Cover: Keith Parkinson
Tales of Mithgar
Takes place: Various
this, my child,
that when iron bells ring
they can knell in joy or sorrow
An audience with Evil . . .
To one side stood a massive black stone
throne, draped in ebon velvet, and a great darkness clotted thereupon. And Gnasha
hobbled past a huge table set with an iron service for thirteen, and he fell to his face
before the vile shadow upon the thrown.
How long he lay thus he could not say, yet at
last a sibilant whisper came hissing through the darkness: "Ah, good Gnasha,
what brings my moor commander before me?"
"Lord Modru" -- Gnasha raised his
head just enough to speak clearly -- "the outrunners report that a great army has
marched forth from the Gronfangs, just south of Claw Gap, an army of Men and Elves."
Gnasha swallowed, his throat dry with terror, for he feared to say his next words,
yet he knew the penalty to do otherwise. "Master, they bear the standards of .
. .of Agron."
voice lashed out, blackness rushing forth, and Gnasha cringed against the stone . . .
-- Excerpts from the book.
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- Being only my second Mithgarian book I was quite pleased with
this collection of short stories. McKiernan writes in a way that doesn't require a vast
knowledge of Mithgar, but only a basic knowledge of fantasy. The great thing is when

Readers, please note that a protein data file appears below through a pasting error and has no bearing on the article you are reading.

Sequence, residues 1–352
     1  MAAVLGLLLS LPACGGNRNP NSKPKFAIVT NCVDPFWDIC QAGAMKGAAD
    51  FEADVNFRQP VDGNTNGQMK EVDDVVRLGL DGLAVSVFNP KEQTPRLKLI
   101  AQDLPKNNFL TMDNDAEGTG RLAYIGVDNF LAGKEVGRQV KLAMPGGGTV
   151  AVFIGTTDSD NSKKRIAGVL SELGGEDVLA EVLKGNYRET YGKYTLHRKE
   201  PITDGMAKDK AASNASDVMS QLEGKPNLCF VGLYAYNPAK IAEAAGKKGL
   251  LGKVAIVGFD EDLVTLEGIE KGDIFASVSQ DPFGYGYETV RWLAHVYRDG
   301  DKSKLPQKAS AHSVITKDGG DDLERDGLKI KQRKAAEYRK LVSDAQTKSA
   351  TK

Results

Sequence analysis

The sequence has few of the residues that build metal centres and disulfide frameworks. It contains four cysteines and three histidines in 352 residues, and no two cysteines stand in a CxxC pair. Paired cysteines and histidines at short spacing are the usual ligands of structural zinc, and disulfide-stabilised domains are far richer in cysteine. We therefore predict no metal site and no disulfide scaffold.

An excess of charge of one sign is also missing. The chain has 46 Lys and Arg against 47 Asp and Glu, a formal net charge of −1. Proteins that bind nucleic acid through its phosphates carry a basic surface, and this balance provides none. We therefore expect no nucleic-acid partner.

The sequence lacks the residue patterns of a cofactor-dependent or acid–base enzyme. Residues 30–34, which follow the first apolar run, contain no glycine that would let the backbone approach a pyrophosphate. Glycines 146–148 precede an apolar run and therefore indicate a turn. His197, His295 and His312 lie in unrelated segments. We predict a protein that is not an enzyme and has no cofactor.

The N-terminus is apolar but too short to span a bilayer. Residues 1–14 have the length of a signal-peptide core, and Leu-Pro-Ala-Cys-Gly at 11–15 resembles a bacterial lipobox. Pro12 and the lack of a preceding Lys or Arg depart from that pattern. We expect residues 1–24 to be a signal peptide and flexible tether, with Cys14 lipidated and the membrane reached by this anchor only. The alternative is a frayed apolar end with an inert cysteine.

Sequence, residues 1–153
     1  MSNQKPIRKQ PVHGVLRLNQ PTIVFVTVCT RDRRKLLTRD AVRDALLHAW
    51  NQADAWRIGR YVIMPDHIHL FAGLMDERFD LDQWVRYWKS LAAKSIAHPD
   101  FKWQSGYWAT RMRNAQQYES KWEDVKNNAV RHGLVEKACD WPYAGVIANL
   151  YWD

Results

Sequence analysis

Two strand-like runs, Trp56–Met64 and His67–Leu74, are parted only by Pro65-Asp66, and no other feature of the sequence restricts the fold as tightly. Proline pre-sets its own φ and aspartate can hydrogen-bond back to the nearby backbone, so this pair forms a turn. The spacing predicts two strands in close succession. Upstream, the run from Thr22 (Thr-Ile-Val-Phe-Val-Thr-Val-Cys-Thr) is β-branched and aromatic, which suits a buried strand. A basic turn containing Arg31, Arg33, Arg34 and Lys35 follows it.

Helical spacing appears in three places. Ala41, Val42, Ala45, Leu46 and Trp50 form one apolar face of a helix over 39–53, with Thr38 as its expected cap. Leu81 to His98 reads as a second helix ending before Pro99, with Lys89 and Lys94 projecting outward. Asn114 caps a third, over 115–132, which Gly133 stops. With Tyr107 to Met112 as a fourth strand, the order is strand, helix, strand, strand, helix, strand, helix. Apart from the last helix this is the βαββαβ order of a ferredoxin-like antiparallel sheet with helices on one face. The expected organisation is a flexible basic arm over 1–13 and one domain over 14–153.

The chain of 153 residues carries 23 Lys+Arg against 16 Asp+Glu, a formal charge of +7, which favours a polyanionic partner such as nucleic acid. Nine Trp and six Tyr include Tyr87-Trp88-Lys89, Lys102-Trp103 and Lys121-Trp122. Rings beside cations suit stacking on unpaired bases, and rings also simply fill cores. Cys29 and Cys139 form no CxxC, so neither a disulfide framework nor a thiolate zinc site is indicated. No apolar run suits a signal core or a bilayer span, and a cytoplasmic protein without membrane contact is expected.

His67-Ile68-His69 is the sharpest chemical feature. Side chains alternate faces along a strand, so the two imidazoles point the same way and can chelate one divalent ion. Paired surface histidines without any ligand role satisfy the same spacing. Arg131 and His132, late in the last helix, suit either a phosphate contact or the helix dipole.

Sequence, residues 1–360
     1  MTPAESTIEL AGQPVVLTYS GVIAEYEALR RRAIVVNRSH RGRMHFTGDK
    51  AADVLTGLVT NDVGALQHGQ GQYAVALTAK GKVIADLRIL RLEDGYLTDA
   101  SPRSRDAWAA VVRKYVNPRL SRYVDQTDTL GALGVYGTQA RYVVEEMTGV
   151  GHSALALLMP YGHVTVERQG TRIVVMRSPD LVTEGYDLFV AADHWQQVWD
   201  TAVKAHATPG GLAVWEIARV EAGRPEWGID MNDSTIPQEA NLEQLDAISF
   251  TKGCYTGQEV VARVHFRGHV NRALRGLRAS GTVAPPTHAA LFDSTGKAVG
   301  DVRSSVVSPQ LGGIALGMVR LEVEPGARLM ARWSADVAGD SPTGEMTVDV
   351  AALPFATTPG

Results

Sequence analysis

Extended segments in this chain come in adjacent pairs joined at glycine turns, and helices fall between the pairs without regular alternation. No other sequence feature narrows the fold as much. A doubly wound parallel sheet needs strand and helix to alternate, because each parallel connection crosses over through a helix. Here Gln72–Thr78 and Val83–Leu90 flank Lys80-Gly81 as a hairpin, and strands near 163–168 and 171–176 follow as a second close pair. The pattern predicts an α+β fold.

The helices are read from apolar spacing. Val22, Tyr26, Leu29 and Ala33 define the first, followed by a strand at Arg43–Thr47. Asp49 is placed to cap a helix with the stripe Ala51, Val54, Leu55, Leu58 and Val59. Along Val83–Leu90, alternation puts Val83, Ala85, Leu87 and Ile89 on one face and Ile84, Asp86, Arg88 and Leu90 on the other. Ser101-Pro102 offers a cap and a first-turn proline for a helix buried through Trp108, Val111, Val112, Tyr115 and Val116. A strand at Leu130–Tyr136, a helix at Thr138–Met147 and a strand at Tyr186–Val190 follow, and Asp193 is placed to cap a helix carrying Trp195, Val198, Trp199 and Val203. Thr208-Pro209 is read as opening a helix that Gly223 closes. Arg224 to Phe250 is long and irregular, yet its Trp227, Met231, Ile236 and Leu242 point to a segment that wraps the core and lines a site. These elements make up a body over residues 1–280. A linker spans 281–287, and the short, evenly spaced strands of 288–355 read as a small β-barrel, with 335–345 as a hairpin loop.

you start discovering the same characters in one story popping up in others. I was happy
to find that some of the characters that appeared in The Vulgmaster, Dreadholt (being my
favorite of the three for it's great battle scene with Baron Stoke) and When Iron Bells
Ring are the same as in the Eye of the Hunter. Other stories of interest to me were: The
Thornwalker and the Wolf and Agron's Army. If you plan on reading Eye of the Hunter
or if you already have for that matter, read this book. out of
- McKiernan here uses his increasingly popular world of Mithgar
as a background for 11 tales told in an inn called the One-Eyed Crow by a bunch of
storytellers gathered to practice their art. Particularly appealing are "The
Thornwalker and the Wolf," "The Dammsel," and "The Ruffian and the
Giant." As in the rest of his creations, McKiernan employs classic fantasy elements,
using them better in each new work. He also reveals an unexpected deftness at writing
short fantasy stories, which is more than can be said of a good many of his colleagues and
may help him avoid turning good short stories into less than good novels as the years roll
on. Any McKiernan fan is bound to ask for and be pleased by this one. Fantasy collections,
proceed accordingly. Roland Green.
-- Copyright © BookList
- From Library Journal: These 11 tales, set in the land of
Mithgar, take place at an inn called the One-Eyed Crow. Whether offering whimsical
"proof" for the existence of giants or relating a somber tale of war's false
glory, the author of The Eye of the Hunter (LJ 9/15/92) displays a genuine flair for
pacing, characters, and drama-all essential to the storyteller's art. A good choice for
most fantasy collections.
-- Copyright © Library Journal
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Dennis L. McKiernan.
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Neal E. Ulen.
Updated: June 11, 2000